Video  Politics

March 7, 2016: Robert Alter presents the next installment of the Lionel Trilling Seminar.  The David story and Stendhal's Charterhouse of Parma, the first narrative very early and the other relatively late in the Western literary tradition, are deeply instructive instances of how the vehicle of fiction can provide insights into the realm of politics.  Herbert Marks and Michael Wood serve as respondents.

Radical Grace by Alain Badiou

December 14, 2015

December 14, 2015 "Radical Grace" by Alain Badiou on the role of art in response to present tragic circumstances. Introduction by Udi Aloni. Moderated by James Schamus.

December 8, 2015 a lecture on Identity and Universality by Alain Badiou in light of contemporary tragic events in Paris and elsewhere. December 8, 2015: Many forms of violence in the contemporary world are concerned with either the violent confrontation of different collective identities, or the exasperated resistance of certain of these identities against that which is presented as having a universal value. The central question in these cases is this: what is the historical and conceptual relationship between the feeling of belonging to an identity and the construction of a universal value? Alain Badiou teaches philosophy at the École Normale Supérieure and the Collège International de Philosophie in Paris, and was a founder of the faculty of Philosophy of the Université de Paris VIII. A politically engaged philosopher, his major philosophical works include Theory of the Subject, Being and Event, Manifesto for Philosophy, and Gilles Deleuze. He has also written several novels, plays and political essays. Co-sponsored by the Heyman Center for the Humanities, Maison Francaise, Center for Contemporary Critical Thought, and Film and Media Studies.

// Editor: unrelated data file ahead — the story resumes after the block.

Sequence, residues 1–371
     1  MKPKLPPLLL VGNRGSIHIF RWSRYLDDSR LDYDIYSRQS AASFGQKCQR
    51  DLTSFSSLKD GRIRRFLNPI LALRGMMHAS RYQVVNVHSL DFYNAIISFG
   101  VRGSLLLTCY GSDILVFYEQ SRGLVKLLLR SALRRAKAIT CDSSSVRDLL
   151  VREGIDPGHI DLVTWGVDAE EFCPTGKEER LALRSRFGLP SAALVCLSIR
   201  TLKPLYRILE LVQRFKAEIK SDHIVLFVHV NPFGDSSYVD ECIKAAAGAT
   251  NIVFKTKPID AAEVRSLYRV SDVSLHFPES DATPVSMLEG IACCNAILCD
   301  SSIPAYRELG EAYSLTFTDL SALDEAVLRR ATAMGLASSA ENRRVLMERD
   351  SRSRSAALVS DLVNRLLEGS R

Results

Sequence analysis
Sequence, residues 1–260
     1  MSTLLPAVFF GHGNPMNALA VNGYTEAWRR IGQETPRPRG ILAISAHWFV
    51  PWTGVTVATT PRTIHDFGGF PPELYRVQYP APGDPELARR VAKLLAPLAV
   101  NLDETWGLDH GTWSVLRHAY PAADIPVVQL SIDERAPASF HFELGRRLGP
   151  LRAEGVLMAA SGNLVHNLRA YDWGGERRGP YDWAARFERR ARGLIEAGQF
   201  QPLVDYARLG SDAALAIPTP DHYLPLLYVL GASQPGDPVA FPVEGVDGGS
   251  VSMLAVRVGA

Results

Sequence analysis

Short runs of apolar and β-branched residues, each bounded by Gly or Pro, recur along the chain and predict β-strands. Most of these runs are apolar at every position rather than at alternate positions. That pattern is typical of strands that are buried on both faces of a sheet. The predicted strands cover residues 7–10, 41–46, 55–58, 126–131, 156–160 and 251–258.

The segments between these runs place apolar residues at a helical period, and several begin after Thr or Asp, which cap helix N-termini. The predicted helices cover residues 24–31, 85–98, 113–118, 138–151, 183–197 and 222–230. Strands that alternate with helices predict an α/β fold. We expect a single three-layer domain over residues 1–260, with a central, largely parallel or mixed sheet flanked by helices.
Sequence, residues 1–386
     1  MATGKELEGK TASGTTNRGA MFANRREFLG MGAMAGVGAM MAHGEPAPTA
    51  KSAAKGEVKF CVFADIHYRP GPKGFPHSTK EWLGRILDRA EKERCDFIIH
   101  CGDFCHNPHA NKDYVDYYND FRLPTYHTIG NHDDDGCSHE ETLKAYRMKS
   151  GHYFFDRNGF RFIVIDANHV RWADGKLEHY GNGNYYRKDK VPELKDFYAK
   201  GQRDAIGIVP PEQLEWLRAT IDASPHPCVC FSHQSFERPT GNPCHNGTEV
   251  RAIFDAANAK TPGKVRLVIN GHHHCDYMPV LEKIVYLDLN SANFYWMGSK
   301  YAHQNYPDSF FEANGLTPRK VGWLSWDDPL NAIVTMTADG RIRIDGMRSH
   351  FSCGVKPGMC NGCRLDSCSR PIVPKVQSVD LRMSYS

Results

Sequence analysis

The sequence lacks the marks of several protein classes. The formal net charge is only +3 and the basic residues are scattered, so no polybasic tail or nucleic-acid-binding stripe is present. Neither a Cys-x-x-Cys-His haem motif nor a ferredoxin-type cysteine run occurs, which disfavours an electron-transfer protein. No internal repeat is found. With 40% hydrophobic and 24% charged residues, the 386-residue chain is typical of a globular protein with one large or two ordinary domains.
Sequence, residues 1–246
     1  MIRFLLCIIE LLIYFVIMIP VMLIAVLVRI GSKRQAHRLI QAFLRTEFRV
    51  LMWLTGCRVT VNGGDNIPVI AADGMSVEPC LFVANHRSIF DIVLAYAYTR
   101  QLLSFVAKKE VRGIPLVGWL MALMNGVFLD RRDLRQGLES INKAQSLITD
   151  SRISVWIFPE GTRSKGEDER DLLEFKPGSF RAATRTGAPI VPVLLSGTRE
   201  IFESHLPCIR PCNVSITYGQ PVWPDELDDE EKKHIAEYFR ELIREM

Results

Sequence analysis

Steve Coll, Dean of the Columbia Journalism School and reporter for the The New Yorker, will deliver a talk on the Obama administration's use of drones. Coll will be in discussion with Manan Ahmed, Assistant Professor of History at Columbia, and Philip G. Alston, John Norton Pomeroy Professor of Law at New York University. Alston served as the UN Special Rapporteur on extrajudicial, summary, or arbitrary executions from 2004 to 2010. His 2010 report on targeted killings led by CIA drones was a defining critical document against the use of drones in warfare. The talk was chaired by Mark Mazower, Director of the Heyman Center for the Humanities.

As part of The Disciplines Series: Evaluation, Value, and Evidence, authors Alison Piepmeier, George Estreich, and Rachel Adams take up many of the questions raised in our November 2013 event on "Genes, Children, and Ethics" (featuring Michael Berube, Faye Ginsberg, and Rayna Rapp) in their discussion of "Parenting, Narrative, and Our Genetic Futures." Elizabeth Emens chairs.

Uzodinma Iweala, MD, is the author of the multi-award-winning novel Beasts of No Nation (prizes from the Los Angeles Times, the New York Public Library, the American Academy of Arts and Letters, and Booktrust) and of the non-fiction Our Kind of People: Thoughts on HIV/AIDS in Nigeria (2012). In 2007 he was selected as one of Granta's Best Young American Novelists. Dr. Iweala will read from his latest work, Speak No Evil –which he describes as a “a series of interlinked narratives set in Washington, DC that explores the themes of choice, freedom, and what we must compromise to live in a secure society.”

Part of the Heyman Center's Money Series, "The Global Minotaur: The Crash of 2008 and the Euro-Zone Crisis in Historical Perspective" featured Yanis Varoufakis, Professor of Economics at the University of Athens. Responding was Justin Fox, Editorial Director of the Harvard Business Review Group.

Preeminent author Ahdaf Soueif, who spent much of the Egyptian revolution in Tahrir Square, delivered the annual Edward Said Memorial Lecture on "Notes from the Egyptian Revolution."